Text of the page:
Are you certain that your staff could not be swayed into making bad choices because of:

  • A failure to identify and understand the ethical consequences of their decisions and actions?
  • A desire to accomplish an organizational goal or achieve a certain outcome?
  • A desire to avoid conflict with a fellow employee, supervisor, elected official, or member of the public?
  • A desire to avoid admitting that a mistake or poor decision has been made?
  • The appeal of being perceived favorably by management and coworkers?
  • A belief that their position of authority in the organization gives them a certain leeway to behave in a way that would not otherwise be viewed as acceptable?

Can you be assured that you and your staff can't be fooled into such bad choices as:

  • Using a government credit card for a purchase that an objective party would reasonably conclude was primarily for personal benefit?
  • Failing to completely disclose all the downsides of a staff recommendation in order to help achieve what you or your staff view as a needed outcome?
  • Avoiding full, clear, and timely disclosure of an organizational misstep for fear of public embarrassment or other consequences?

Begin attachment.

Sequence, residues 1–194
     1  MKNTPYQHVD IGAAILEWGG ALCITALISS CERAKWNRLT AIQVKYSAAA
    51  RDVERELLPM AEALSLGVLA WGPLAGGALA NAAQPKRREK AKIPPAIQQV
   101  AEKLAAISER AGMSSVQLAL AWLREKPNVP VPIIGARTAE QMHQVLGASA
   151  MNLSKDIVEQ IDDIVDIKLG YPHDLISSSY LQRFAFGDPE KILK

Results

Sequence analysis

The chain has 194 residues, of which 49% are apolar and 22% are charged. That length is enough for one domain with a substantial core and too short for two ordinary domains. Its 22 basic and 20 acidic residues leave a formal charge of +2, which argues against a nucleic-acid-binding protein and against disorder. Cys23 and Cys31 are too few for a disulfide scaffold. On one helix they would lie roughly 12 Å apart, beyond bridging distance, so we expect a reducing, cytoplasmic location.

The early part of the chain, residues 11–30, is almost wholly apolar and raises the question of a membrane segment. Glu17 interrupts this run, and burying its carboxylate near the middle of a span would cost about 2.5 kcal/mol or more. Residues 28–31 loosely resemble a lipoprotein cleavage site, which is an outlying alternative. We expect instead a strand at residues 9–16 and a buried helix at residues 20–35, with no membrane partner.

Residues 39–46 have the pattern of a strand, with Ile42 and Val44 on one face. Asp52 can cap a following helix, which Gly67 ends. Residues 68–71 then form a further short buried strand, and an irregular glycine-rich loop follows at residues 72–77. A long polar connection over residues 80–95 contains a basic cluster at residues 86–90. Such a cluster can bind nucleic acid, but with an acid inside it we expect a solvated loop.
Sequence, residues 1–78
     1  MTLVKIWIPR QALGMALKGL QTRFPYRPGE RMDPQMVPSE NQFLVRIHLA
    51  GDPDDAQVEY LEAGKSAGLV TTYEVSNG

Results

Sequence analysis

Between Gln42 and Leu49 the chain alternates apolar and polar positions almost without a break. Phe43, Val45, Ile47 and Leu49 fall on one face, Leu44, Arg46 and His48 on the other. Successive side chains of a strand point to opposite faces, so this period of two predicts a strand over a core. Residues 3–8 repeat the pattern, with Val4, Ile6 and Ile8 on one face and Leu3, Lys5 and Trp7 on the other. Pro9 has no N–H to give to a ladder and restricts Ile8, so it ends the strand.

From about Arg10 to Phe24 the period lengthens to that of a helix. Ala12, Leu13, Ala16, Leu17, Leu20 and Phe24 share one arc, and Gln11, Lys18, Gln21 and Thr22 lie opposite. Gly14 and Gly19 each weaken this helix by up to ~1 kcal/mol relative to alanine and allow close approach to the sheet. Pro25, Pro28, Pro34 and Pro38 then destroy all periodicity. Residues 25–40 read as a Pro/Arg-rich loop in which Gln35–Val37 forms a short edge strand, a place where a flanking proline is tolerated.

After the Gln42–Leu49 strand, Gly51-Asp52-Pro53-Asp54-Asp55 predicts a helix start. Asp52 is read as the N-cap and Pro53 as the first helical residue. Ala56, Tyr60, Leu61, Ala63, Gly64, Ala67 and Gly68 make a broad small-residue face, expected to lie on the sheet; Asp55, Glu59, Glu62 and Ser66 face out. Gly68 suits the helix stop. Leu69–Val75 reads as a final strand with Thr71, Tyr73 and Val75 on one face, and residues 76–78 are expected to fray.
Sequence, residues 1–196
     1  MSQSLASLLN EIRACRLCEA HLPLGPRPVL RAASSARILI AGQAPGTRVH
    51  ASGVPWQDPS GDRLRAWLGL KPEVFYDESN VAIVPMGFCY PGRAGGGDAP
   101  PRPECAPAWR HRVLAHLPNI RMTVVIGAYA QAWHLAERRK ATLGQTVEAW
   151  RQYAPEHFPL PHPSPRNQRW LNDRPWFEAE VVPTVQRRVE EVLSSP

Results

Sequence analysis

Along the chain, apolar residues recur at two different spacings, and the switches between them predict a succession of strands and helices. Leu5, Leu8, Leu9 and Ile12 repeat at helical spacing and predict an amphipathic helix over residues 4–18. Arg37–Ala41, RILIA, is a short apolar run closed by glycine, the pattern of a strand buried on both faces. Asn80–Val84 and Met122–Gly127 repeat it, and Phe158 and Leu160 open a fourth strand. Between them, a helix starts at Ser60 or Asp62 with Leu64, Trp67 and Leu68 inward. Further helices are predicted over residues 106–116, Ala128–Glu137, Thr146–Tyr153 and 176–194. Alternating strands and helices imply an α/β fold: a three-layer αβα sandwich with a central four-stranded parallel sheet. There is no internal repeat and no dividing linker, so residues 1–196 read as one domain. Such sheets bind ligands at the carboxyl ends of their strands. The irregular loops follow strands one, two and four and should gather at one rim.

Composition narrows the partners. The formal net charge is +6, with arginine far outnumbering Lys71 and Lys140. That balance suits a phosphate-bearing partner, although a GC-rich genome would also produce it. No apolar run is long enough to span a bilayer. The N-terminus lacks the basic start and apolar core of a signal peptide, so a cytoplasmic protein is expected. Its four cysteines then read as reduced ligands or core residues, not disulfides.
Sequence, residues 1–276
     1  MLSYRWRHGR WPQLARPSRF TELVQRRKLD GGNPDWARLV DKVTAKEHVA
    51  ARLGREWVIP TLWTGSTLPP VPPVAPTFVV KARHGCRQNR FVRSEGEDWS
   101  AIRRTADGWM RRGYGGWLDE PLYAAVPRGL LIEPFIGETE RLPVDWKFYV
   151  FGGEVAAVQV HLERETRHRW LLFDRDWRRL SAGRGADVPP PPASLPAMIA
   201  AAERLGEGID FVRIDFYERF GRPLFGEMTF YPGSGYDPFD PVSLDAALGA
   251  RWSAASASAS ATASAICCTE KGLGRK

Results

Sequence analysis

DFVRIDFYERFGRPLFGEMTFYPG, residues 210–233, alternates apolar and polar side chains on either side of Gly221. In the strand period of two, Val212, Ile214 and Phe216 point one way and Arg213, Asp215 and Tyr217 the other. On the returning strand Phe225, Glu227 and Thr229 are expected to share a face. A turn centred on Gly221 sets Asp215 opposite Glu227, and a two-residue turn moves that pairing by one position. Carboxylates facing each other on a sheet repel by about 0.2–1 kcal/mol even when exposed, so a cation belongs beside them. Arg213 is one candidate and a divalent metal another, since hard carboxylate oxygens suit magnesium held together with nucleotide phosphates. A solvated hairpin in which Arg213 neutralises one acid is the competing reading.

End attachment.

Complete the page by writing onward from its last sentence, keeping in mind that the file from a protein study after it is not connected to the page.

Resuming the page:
• Convincing oneself that risking the loss of a job, organizational standing, or friendships outweighs the obligation to report ethical misconduct?
  • Believing that you don't need to take action by convincing yourself that it is "someone else's job" to deal with the issue?

Positive Strategies

Unfortunately, there are no strategies for dealing with personal or organizational blind spots that are guaranteed to be successful. Here are some suggestions to help increase the odds of success:

  • Recognize that you and your organization most likely have an overly optimistic view of ethical health.
  • Avoid complacency and recognize that a lack of a recent ethical failure is not a guarantee for the future.
  • Take preventative actions including training and the use of case studies to increase awareness of the potential ethical implications of decisions and actions.
  • Work to counter your ethical blind spots by seriously reflecting on decisions you are making and by thoughtfully considering what ethical choices may be at play.
  • Seek the opinion of others whose judgment you respect (and who have nothing to lose or gain from a decision) regarding possible courses of action. Encourage your employees to do the same.
  • Recognize when you might be doing the wrong thing to accomplish an otherwise admirable goal.

The more you and your organization recognize the susceptibility we all have to ethical blind spots, the more likely you can minimize their impact and the likelihood of an ethical crisis.

While it may be impossible to completely negate the effect of ethical blind spots, the best way to begin to minimize their impact is to recognize that we do, indeed, have them.

Kevin Duggan, ICMA-CM, is ICMA West Coast Regional Director, Mountain View, California (, and is the former city manager of Mountain View.